AFG’s latest Mortgage Index results released today shows that major structural change in the Australian lending landscape is continuing. Whilst it is a view from their loan throughput, it underscores the market evolution, and that Victoria is the last bastion of the property sector.
“Today’s results paint a very different picture from this time last year,” said AFG CEO David Bailey.
“Regulator-led tightening of investor lending has led to a further drop in investor volume and they are now sitting at an all time low of 29% of the market.
The shift in lender appetite from investors to upgraders is also evident in average loan size. “The national average home loan is now sitting at an all time high of $491,000,” said Mr Bailey. “This increase can be explained by the fact that people generally spend more for their primary place of residence than they do for an investment property.
The number of people looking to refinance has dropped to 25%, whilst those keen to upgrade their living situation is increasing with upgraders now representing 41% of the market.
“This is also likely to be a reflection of the lack of lending options on the table for investors wanting to refinance, as lenders pull back from the investor market to meet regulator demands,” said Mr Bailey.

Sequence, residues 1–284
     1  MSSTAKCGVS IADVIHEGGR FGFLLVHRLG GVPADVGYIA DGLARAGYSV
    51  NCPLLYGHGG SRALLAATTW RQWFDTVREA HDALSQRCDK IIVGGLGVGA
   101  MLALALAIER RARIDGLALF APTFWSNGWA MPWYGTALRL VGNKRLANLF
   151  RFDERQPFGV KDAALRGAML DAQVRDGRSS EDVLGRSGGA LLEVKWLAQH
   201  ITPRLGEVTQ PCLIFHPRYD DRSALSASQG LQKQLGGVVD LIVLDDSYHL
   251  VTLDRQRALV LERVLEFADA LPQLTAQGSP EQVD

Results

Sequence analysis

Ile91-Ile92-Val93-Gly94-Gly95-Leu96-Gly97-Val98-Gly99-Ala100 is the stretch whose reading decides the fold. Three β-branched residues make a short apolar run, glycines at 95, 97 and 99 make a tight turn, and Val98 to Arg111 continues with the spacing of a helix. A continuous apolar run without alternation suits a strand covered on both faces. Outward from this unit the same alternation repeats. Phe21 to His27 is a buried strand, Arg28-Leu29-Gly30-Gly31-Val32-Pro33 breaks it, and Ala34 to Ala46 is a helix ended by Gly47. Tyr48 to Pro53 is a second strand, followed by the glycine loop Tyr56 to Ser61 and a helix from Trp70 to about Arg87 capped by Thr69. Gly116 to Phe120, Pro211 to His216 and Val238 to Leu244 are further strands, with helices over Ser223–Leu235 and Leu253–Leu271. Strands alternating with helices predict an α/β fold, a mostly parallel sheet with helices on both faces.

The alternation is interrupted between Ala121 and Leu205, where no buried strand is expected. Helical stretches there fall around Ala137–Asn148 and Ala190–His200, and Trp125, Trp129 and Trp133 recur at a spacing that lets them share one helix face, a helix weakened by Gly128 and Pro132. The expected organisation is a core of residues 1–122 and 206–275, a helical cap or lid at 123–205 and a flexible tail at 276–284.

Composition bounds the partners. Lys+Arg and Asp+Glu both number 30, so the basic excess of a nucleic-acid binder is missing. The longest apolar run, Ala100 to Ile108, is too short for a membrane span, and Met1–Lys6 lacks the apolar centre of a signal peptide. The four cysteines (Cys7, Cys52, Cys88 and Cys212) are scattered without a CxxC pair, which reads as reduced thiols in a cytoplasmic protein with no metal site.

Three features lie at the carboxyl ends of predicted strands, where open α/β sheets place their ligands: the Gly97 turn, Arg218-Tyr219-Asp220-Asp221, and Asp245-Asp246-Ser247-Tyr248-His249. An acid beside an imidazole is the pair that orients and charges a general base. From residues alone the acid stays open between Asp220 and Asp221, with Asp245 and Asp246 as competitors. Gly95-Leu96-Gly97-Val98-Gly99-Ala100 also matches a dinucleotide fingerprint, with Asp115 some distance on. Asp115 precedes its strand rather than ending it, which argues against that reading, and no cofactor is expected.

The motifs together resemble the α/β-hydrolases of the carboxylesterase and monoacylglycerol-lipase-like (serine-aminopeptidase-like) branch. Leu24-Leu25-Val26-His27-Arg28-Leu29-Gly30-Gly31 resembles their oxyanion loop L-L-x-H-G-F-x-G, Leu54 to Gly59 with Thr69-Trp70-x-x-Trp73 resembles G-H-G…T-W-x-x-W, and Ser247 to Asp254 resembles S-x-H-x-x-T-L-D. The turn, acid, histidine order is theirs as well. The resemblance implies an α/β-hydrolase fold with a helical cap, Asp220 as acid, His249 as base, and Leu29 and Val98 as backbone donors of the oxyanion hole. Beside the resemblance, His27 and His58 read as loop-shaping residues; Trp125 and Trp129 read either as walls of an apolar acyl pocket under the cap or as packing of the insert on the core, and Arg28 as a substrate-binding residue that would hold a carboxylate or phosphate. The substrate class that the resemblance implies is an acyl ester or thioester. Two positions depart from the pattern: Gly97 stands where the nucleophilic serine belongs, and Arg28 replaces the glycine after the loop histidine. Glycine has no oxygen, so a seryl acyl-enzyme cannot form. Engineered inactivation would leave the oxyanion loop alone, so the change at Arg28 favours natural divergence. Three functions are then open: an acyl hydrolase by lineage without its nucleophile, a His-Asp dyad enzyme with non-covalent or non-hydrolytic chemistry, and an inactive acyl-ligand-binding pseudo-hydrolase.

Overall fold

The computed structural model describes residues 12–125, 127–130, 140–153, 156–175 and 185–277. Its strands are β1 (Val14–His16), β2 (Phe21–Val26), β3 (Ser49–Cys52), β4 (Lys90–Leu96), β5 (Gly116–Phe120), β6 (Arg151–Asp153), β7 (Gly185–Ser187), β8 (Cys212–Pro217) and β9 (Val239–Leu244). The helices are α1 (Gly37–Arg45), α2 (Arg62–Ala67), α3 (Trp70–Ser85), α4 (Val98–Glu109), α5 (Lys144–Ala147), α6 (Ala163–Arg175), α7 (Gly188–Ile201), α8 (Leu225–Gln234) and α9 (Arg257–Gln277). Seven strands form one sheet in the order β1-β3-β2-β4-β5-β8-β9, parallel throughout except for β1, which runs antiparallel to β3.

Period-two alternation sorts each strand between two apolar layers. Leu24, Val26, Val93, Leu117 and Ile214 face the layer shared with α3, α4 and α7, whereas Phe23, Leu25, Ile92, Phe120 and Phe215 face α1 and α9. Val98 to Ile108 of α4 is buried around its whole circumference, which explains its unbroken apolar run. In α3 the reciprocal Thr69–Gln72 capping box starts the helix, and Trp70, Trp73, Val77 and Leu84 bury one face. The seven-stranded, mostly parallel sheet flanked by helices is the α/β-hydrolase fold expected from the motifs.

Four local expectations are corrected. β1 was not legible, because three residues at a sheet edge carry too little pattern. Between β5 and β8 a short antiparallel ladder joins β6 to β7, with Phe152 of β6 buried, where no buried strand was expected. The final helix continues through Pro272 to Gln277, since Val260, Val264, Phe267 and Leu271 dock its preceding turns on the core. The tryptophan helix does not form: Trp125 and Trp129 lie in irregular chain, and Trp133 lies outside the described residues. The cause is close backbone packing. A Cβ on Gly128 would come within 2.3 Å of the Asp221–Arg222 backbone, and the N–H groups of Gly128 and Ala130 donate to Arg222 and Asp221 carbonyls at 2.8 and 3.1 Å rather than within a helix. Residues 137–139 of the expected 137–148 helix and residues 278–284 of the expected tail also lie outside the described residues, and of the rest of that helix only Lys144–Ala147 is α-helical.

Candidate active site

The major lenders’ share of the market is also down to a post-GFC low of 64.4% as borrowers continue to explore alternatives outside of the major bank owned brands.
“Looking at loan type, fixed rates are now at 26.3% of all loans which confirms many Australians are anticipating that the next interest rate move will be up” said Mr Bailey.
First home buyers are enjoying their third consecutive quarter in double digits since the beginning of 2014. “National market share for first home buyers has lifted to 13% across the last quarter, helped in part by new stamp duty concessions kicking in on July 1 for this segment of the market in Victoria and New South Wales.”
Victoria continues to set the pace with lodgement volumes in that state up 27% on the first quarter of last year whilst every other state has lost momentum to varying degrees. The strength of the Victorian home market is also evidenced in the average loan size for that state, which is 5% higher than it was at the same time last year.
“Overall, volumes are up on the previous two quarters, however, compared to the same time last year they are flat. This translates into the view that regulator-led changes are being felt everywhere except Victoria,” concluded Mr Bailey.